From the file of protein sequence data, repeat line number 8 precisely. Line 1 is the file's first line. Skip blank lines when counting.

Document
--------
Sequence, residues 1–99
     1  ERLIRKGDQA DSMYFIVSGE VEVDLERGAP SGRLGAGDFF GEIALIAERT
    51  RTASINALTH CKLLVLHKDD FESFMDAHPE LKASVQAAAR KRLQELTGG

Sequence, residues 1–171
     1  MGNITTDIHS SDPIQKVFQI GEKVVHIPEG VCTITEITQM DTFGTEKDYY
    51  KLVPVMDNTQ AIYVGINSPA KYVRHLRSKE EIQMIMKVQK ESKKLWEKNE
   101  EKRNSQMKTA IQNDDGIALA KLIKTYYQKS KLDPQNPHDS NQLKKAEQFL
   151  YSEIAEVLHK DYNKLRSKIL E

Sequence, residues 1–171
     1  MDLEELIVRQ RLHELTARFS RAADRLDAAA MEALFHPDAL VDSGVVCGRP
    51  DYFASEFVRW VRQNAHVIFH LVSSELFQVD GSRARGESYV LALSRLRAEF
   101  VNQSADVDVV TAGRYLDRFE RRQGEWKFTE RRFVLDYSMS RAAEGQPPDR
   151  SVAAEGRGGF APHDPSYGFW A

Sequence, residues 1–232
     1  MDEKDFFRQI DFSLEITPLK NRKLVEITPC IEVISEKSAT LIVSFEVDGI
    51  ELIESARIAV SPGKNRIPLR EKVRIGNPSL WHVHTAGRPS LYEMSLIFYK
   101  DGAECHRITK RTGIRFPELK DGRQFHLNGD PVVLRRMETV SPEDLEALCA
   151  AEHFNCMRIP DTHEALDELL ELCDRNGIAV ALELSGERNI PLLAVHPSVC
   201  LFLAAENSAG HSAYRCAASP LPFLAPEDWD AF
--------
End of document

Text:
   151  YSEIAEVLHK DYNKLRSKIL E